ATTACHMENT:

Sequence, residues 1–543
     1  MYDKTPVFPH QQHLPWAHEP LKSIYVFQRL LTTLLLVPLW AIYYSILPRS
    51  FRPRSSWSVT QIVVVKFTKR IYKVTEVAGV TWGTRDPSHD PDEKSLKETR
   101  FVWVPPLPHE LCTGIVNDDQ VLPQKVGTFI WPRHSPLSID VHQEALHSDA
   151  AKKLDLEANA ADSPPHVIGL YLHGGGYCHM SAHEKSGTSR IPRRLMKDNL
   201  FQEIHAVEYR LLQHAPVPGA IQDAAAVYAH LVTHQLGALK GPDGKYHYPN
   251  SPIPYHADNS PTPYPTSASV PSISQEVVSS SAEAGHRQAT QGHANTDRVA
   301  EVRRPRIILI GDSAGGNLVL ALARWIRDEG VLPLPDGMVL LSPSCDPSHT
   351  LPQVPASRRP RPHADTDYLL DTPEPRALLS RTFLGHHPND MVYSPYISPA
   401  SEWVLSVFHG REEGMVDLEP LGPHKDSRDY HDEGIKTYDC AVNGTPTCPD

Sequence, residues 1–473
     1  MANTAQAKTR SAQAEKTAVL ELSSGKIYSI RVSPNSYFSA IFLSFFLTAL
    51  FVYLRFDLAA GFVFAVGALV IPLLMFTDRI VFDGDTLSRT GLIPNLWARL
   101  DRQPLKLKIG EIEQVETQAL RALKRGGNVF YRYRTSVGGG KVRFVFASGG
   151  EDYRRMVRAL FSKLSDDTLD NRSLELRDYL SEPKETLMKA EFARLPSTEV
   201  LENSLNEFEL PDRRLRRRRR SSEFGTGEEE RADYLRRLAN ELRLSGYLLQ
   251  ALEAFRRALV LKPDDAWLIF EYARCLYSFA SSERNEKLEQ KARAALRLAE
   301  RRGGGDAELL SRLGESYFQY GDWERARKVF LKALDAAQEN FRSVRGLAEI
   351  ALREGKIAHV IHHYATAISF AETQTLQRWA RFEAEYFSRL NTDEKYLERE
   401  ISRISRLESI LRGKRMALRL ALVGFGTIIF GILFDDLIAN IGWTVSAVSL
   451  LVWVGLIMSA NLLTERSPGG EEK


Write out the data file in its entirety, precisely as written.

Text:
Sequence, residues 1–543
     1  MYDKTPVFPH QQHLPWAHEP LKSIYVFQRL LTTLLLVPLW AIYYSILPRS
    51  FRPRSSWSVT QIVVVKFTKR IYKVTEVAGV TWGTRDPSHD PDEKSLKETR
   101  FVWVPPLPHE LCTGIVNDDQ VLPQKVGTFI WPRHSPLSID VHQEALHSDA
   151  AKKLDLEANA ADSPPHVIGL YLHGGGYCHM SAHEKSGTSR IPRRLMKDNL
   201  FQEIHAVEYR LLQHAPVPGA IQDAAAVYAH LVTHQLGALK GPDGKYHYPN
   251  SPIPYHADNS PTPYPTSASV PSISQEVVSS SAEAGHRQAT QGHANTDRVA
   301  EVRRPRIILI GDSAGGNLVL ALARWIRDEG VLPLPDGMVL LSPSCDPSHT
   351  LPQVPASRRP RPHADTDYLL DTPEPRALLS RTFLGHHPND MVYSPYISPA
   401  SEWVLSVFHG REEGMVDLEP LGPHKDSRDY HDEGIKTYDC AVNGTPTCPD

Sequence, residues 1–473
     1  MANTAQAKTR SAQAEKTAVL ELSSGKIYSI RVSPNSYFSA IFLSFFLTAL
    51  FVYLRFDLAA GFVFAVGALV IPLLMFTDRI VFDGDTLSRT GLIPNLWARL
   101  DRQPLKLKIG EIEQVETQAL RALKRGGNVF YRYRTSVGGG KVRFVFASGG
   151  EDYRRMVRAL FSKLSDDTLD NRSLELRDYL SEPKETLMKA EFARLPSTEV
   201  LENSLNEFEL PDRRLRRRRR SSEFGTGEEE RADYLRRLAN ELRLSGYLLQ
   251  ALEAFRRALV LKPDDAWLIF EYARCLYSFA SSERNEKLEQ KARAALRLAE
   301  RRGGGDAELL SRLGESYFQY GDWERARKVF LKALDAAQEN FRSVRGLAEI
   351  ALREGKIAHV IHHYATAISF AETQTLQRWA RFEAEYFSRL NTDEKYLERE
   401  ISRISRLESI LRGKRMALRL ALVGFGTIIF GILFDDLIAN IGWTVSAVSL
   451  LVWVGLIMSA NLLTERSPGG EEK